Charles Rotblut will speak at the 2015 AAII Investor Conference this fall; go to www.aaii.com/conference for more details.
The last thing any editor wants to do is publish information they know may be incorrect. Yet, this is exactly the risk I’ve taken with this year’s tax guide, which starts here.
There is admittedly an irony that I would do this on the last day of the Mayan cycle, when doomsayers believed the world would end. Yet, there are realities that I cannot change. I pushed back the deadline for publishing our tax guide as much as I could in hopes of an agreement in Washington to avert the fiscal cliff, but none has been reached. Rather, uncertainty about the tax code and federal spending loom.
I continue to believe a deal will be reached. I don’t know when, much less what the exact details of it will be. I learned a long time ago not to predict what will or won’t be contained in legislation. I do hope, however, that an agreement will be reached somewhere between my pixel time and the moment when you read this.
Because of the uncertainty, we had to make assumptions about various aspects of the 2012 and 2013 tax code. In some cases, I went on the assumption that the Bush-era tax breaks expired, since that is the only thing we know will happen if no deal is reached by December 31. In other cases, I used projections from Mark Luscombe at tax authority CCH. Mark was very helpful in supplying us with key data and answering many of my very specific questions. (CCH runs a very useful tax website, finance.toolkit.com.)
Throughout the guide, you will see where we have notated data that is based on assumptions and projections. To put things bluntly, some of this information will need to be changed. After new legislation is passed and the Internal Revenue Service publishes new numbers and rules, we will update the guide. My current plan is to update it first on AAII.com and then run a brief article in the March AAII Journal listing the changes (assuming we can do so by the mid-February print deadline).
If you use any type of tax aid such as TurboTax, check for updates before sending in your return. I know an electronic update for “J.K. Lasser’s Your Income Tax 2013” will be forthcoming. (This book was another of my key sources for our tax guide.) Equally important, if you are a person who likes to file earlier rather than later, it may make sense to hold off on filing until there is new legislation. Just don’t delay so much that you miss the April 15, 2013, deadline for filing. (Sorry, unlike the past two years, you don’t get any extra days to file this year.)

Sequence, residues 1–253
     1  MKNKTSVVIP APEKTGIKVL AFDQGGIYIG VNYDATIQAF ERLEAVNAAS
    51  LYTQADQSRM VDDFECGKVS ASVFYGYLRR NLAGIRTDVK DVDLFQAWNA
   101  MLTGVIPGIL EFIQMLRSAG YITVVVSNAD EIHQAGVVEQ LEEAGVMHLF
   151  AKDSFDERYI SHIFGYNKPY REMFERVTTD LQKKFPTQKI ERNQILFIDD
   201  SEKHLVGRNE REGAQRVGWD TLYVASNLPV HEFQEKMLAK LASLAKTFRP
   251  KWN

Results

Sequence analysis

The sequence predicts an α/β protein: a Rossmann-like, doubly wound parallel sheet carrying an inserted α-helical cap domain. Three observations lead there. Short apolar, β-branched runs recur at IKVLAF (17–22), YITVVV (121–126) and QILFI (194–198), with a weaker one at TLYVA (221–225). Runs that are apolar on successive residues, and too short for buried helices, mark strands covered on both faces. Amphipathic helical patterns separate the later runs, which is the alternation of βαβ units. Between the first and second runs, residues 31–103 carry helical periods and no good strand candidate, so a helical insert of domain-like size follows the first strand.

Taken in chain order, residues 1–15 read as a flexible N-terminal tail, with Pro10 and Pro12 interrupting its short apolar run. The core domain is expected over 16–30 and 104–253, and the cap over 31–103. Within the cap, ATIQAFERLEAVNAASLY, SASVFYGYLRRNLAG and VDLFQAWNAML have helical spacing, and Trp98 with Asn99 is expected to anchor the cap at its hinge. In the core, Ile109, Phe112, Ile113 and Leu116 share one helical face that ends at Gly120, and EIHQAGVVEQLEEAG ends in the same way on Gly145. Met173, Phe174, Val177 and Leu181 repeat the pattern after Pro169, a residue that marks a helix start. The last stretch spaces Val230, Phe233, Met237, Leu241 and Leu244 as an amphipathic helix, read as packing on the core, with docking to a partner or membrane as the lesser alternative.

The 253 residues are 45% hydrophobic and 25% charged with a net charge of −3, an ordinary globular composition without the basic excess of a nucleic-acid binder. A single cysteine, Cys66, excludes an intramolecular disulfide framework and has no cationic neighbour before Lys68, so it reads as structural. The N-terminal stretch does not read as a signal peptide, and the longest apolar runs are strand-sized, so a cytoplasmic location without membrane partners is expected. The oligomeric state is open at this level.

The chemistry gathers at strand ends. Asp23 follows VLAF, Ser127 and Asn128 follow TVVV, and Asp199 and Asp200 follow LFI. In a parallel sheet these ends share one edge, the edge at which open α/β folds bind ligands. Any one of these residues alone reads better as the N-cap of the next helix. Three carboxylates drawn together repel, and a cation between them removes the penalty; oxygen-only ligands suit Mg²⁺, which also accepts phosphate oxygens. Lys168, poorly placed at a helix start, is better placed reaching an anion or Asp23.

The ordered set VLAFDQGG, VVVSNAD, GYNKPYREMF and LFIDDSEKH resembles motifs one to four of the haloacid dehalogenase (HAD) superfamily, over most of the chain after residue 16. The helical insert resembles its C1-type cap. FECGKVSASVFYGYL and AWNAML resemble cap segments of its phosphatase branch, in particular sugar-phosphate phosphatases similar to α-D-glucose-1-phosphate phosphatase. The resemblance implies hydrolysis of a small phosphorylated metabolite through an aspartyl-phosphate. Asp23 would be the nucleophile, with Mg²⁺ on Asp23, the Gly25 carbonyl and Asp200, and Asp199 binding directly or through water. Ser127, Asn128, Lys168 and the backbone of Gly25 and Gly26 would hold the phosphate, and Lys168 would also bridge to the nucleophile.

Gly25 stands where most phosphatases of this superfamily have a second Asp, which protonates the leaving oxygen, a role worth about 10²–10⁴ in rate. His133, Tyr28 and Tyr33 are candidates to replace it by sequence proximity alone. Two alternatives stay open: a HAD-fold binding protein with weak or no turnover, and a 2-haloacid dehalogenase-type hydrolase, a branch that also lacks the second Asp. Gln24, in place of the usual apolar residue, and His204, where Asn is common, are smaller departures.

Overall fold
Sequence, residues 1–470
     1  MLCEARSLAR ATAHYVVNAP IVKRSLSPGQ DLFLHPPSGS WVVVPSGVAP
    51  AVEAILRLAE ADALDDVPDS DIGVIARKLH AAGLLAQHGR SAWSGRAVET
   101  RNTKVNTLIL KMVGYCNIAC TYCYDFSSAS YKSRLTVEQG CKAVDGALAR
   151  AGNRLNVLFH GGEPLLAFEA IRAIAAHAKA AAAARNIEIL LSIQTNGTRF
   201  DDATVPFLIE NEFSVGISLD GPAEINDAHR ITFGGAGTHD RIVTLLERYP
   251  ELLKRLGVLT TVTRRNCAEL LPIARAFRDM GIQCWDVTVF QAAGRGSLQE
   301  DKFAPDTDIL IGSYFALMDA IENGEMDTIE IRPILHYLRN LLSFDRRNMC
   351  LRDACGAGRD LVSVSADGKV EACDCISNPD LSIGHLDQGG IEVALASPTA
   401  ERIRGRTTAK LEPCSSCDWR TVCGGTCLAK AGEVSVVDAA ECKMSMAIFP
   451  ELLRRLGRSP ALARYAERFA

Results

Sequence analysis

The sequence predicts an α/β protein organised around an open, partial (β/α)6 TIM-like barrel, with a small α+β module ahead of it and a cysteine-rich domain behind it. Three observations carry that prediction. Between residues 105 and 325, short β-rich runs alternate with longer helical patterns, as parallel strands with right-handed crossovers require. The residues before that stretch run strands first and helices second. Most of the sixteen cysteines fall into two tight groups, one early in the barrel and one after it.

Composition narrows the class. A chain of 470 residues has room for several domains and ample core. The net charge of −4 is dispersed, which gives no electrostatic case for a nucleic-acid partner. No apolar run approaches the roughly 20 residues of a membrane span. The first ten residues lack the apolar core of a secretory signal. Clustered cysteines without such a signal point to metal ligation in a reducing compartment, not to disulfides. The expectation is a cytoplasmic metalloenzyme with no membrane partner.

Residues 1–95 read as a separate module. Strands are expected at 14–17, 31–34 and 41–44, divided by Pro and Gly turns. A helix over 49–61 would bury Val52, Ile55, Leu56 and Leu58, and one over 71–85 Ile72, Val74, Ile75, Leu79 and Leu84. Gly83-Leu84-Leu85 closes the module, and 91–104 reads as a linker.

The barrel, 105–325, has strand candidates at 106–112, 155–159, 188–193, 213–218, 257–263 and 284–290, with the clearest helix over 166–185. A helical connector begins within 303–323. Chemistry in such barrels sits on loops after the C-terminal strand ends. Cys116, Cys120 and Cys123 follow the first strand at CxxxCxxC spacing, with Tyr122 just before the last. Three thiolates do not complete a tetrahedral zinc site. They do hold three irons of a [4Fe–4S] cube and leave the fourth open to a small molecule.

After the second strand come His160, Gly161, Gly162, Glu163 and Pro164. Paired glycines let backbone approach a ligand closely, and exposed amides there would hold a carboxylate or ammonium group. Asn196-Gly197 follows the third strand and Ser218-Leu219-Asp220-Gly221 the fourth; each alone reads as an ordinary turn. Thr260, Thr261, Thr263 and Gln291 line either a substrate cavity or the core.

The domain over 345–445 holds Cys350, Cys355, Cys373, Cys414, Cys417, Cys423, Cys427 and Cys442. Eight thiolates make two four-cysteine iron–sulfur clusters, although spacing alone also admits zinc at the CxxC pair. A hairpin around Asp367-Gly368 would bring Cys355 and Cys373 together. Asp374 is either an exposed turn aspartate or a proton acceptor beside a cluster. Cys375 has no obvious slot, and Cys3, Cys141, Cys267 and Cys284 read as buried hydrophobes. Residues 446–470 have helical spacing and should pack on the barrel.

One thing we do know is that two new taxes stemming from the health care reform law start this year. High-income earners face both a net investment income tax and an additional Medicare tax. Both are discussed here.
On a positive note, 2012 was a good year to be in the stock market. Despite all of the uncertainty created by politicians (and political pundits), months of above-average pessimism in our weekly AAII Sentiment Survey and constant outflows from domestic equity mutual funds, investors who stuck with stocks made money. The S&P 500 was up 12.8% as of December 7, 2012.
The market’s rise aided the performance of our stock screens. Out of the 64 screens tracked on AAII.com, 53 posted gains. More impressively, 26 beat the S&P 500 last year, led by the Piotroski: High F-Score’s 93.9% rebound. Wayne Thorp shows you the numbers and explains what worked in his annual stock screen review, which starts here.
Our Model Shadow Stock Portfolio also had a good year, rising 28.5% as of November 30. Higher micro-cap stock prices helped the portfolio, but also prompted a rule change. AAII Founder and Chairman James Cloonan, who runs the portfolio, increased the minimum and maximum market capitalization criteria to account for the change in valuations. The new rules and an analysis of the portfolio’s performance can be seen here.
Wishing you a happy, healthy and prosperous new year,
Charles Rotblut, CFA
Editor, AAII Journal